Problems building the Silvertown Tunnel have left one of the companies building the controversial new road link on the Greenwich Peninsula nursing a £30 million loss.
Ferrovial Construction UK, which has a 40 per cent share in Riverlinx, the consortium that is digging the new tunnel to the Royal Docks, blamed the loss on the pandemic and war in Ukraine putting up prices.
The tunnel has been hit by a number of problems since construction work began in 2021, including a fire on a conveyor belt that halted work for 10 days, New Civil Engineer reported.
Construction costs have also crept up from £173 million to a projected £186 million while the opening date has been pushed back from April to June 2025.
Riverlinx’s shareholders – Ferrovial, Bam Nuttal and SK Ecoplant – are meeting the construction costs and will be paid back by tolls when they operate the tunnel for Transport for London. The tolls will also apply to the Blackwall Tunnel. The final cost of the tunnel is expected to be £2 billion over the 30-year contract.
“Whilst the UK growth strategy is well underway, at its core is the underpinning responsibility to provide certainty and resilience,” Ferrovial said in a statement outlining its 2022 financial results. “The decision was therefore taken to make a provision for a one-off exception for projected forecast losses on the Silvertown Tunnel project, principally due to external factors caused by global events, including the Covid-19 outbreak, the war in Ukraine, and the resultant significant inflationary increase in labour and commodity prices.”
The first bore of the tunnel, which will include a dedicated lane for HGVs and buses, has already been built. Construction teams at its worksite off Millennium Way are rotating the tunnelling machine piece by piece so it can dig the second bore to the Royal Docks.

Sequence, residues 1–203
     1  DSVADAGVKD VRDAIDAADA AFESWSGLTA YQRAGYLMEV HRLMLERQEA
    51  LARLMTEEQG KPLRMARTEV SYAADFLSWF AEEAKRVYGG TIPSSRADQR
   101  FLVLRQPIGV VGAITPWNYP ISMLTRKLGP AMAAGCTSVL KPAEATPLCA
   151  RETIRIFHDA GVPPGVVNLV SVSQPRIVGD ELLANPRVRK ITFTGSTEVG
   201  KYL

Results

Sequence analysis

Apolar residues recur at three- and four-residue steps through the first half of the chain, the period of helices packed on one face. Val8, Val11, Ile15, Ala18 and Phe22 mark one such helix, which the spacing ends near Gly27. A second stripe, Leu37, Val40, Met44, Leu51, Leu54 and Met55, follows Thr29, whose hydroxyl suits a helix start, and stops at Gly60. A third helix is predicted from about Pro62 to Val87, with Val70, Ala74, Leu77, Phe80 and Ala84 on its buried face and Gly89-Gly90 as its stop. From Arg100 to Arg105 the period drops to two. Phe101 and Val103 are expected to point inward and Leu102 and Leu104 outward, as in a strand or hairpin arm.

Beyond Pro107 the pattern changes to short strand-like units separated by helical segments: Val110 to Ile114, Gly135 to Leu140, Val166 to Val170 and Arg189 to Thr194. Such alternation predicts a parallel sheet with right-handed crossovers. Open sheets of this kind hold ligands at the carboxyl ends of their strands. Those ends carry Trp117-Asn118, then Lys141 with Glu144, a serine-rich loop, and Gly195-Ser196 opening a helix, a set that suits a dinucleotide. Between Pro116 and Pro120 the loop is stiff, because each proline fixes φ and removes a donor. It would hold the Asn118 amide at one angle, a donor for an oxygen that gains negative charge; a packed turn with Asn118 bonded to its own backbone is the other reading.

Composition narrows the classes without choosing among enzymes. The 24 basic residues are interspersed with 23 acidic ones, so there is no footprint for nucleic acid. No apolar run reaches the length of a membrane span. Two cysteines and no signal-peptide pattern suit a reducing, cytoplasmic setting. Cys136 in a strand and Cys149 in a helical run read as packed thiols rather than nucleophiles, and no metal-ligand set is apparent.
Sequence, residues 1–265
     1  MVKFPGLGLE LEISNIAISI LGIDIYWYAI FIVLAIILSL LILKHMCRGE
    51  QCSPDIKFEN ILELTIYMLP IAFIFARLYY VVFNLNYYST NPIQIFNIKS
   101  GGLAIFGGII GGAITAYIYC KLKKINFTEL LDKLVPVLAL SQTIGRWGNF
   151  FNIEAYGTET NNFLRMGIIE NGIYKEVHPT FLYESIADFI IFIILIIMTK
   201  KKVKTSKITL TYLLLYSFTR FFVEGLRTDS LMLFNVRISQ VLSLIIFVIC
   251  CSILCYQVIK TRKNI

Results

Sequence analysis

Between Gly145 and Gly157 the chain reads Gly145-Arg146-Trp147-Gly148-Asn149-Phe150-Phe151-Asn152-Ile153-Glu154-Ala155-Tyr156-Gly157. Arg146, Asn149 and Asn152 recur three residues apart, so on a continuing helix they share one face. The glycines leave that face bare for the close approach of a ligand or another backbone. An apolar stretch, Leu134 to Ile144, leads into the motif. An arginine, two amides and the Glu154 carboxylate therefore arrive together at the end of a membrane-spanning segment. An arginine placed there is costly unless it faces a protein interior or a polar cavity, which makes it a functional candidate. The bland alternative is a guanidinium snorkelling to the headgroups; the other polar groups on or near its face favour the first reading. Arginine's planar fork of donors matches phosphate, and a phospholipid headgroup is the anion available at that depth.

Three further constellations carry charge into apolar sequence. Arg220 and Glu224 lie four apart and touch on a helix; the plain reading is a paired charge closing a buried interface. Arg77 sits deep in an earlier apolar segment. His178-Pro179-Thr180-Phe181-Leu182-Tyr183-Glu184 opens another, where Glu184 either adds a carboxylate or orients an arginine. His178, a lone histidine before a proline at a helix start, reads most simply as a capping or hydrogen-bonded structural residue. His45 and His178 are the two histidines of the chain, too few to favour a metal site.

Earlier this month a new footbridge was installed over the A102 as part of the project; this will replace the old footbridge at Boord Street which is being removed to accommodate a new flyover.
London mayor Sadiq Khan has insisted that the tunnel will be “a public transport-focused river crossing”, although only two bus routes will use the link when it opens, one being an express route which will not stop close to the tunnel entrances. Critics say the tunnel will increase traffic – particularly HGVs – and pollution, and is incompatible with London’s climate change commitments.
The Labour mayor has said that the tunnel is needed to deal with the notorious northbound queues at the Blackwall Tunnel and has said its opponents are a “vocal minority” who live in “never-never land”.
Last month Majella Anning, a Greenwich Labour councillor, said that the council would be discussing a motion in June calling on Khan to reserve the tunnel for public transport, walking and cycling only. Last year a London Assembly member said the tunnel could be used for a new tram link or a Docklands Light Railway extension.
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